Cindy Noe, a 2017 Summer Fellow with the Mayor’s Office of New Urban Mechanics, is a a dual MBA and Master in Public Administration candidate at MIT Sloan and Harvard Kennedy School.
To me, the most important part of public service is that first word: “public.” Yet in the four years I spent working for the federal government, that “public” felt very far away. I found the work meaningful and important, but over those four years I rarely interacted with the people and the communities I was supposedly serving. My entire life, I have been driven by the second most important part of public service: the “service” part. So, last summer, I was eager to serve the public more directly by working for the City of Boston.
As a dual business and public policy student, I am constantly looking for intersections between the public and private sectors, whether in user-centric design, innovation processes, or performance metrics. At the same time, it drives me nuts when people say we should “run government like we run businesses,” or that “the public sector has a lot to learn from the private sector.” It’s much more nuanced than that. Contrary to popular belief, business does not have all the answers.
When I was offered a fellowship with the Mayor’s Office of New Urban Mechanics (MONUM), I felt like I hit the jackpot — a research and development team employing the best techniques from business, academia, and government — all to serve the most important customer: the public. I came to MONUM to learn how to research, design, and iterate solutions to serve Boston’s residents, and my project is allowing me to do just that.
Last summer, I worked on all things heat. That is, “extreme heat,” or the warmer temperatures we experience each summer in Boston as a result of climate change. Each year in the U.S., more people die in heat waves than all other natural disasters combined. This particular effect of climate change has a disproportionate effect on the City’s most vulnerable residents. Specifically, adults over 65, low-income residents who can’t afford air conditioning, young children, and those with chronic illnesses or on certain medications are most at risk. And to top it off, Boston is a textbook example of the Urban Heat Island Effect, in which urban areas with dark building materials, limited open space, and high population density can be as much as 22°F hotter than surrounding rural areas.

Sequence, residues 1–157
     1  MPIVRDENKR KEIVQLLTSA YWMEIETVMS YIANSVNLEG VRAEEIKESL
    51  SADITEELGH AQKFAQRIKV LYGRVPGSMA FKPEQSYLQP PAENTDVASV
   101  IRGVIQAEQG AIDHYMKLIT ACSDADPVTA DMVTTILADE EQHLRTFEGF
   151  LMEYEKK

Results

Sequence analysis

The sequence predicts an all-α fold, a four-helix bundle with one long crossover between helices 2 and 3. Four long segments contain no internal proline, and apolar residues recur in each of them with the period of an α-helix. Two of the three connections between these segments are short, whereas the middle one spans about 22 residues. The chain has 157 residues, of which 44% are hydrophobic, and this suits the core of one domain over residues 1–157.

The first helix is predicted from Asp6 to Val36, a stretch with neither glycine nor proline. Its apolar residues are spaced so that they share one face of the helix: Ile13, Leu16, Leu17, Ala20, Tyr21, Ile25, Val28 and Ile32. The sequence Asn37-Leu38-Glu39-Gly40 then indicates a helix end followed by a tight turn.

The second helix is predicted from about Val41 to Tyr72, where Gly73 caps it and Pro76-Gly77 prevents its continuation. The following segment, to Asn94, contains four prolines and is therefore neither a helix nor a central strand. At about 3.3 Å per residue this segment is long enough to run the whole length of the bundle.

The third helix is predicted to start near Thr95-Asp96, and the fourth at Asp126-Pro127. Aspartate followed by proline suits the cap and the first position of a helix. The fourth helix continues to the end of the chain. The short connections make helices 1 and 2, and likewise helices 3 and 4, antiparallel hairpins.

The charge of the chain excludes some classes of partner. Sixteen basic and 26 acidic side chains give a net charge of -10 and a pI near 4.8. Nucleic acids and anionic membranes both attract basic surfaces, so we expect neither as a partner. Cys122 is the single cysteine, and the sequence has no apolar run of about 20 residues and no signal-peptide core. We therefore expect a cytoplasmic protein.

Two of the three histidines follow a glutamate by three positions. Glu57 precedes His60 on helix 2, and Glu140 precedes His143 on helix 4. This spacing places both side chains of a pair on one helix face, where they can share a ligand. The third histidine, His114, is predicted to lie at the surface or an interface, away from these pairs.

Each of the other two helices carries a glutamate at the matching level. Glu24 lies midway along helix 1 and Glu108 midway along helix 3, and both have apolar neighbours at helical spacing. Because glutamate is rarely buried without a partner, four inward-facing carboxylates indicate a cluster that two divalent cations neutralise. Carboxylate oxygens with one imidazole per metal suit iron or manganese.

In a joint project between MONUM, Climate Ready Boston, and the Mayor’s Office of Resilience and Racial Equity, I worked to answer a key question: how can we make vulnerable residents more aware of extreme heat and help them stay safe?
As I looked for the answer, I’m tried to challenge the way that the City typically engages with residents about weather and health emergencies. During Boston winters, the City goes all out. It launches a “winter in Boston” webpage, it arms its 311 call center volunteers with the latest information on parking and plowing, and it sends out email after tweet after press release of the latest snow updates. For extreme heat, I worked with the City to employ some of these same tactics, but I’m also asking: what does it look like if we meet the residents where they are?
You see, the vulnerable residents I focused on who are most affected by the heat are also some of the groups who engage the least with official City communications. And that means that even if we prepare all the usual channels with heat information and resources, these residents may never see it. So last summer, I got advice on some other, more creative ways to reach these populations.
One of my favorite ideas that I’ll share here is a new quiz game I’m calling “Heat Wave,” which I played with several groups of elder adults this week and next. (Side note: special thanks goes to Holland-Dozier-Holland and Martha Reeves and the Vandellas for my game’s theme song). In my research on extreme heat, I’ve learned all sorts of interesting and surprising facts. I think sharing these facts and recommendations for how to cope with heat in a fun, engaging way can motivate behavior change and help elder adults and other residents stay safe.
Below I’m including a few sample questions so you can test your knowledge and get a preview of the game.
Without air conditioning, how much hotter can it get inside your home or apartment compared to outside?
Answer: Indoor temperatures can be up to 20°F than outside during a heat wave!
How long do you need to be in an air conditioned place to help your body stay cooler when you go back into the heat?
- Less than an hour
- A few hours
- All day
Answer: Even just a few hours in an air conditioned place can help your body regulate its temperature better and stay cool.
What drinks should you cut back on in the heat?
- Alcoholic and caffeinated
- Carbonated beverages
- Hot beverages
Answer: Avoid alcoholic and caffeinated beverages, which dehydrate your body. Drink water to stay hydrated even if you are not thirsty.
How much cooler is a place that is shaded than somewhere not shaded?
- 10° — 35°F
- 20° — 45°F
- 30° — 55°F
Answer: A shaded place can be anywhere from 20° — 45°F cooler than a place in direct sunlight. When you are outside on a hot day, try not to stay directly in the sun.